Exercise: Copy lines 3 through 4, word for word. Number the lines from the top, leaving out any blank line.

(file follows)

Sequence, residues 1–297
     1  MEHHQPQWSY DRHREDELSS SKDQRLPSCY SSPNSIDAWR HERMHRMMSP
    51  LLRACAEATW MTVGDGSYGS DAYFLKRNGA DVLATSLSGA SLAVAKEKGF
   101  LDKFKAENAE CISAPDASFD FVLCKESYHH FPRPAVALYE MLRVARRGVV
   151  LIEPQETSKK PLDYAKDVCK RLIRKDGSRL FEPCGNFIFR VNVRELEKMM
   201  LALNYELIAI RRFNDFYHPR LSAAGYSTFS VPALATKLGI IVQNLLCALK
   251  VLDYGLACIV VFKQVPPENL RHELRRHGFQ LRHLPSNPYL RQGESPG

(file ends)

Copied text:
    51  LLRACAEATW MTVGDGSYGS DAYFLKRNGA DVLATSLSGA SLAVAKEKGF
   101  LDKFKAENAE CISAPDASFD FVLCKESYHH FPRPAVALYE MLRVARRGVV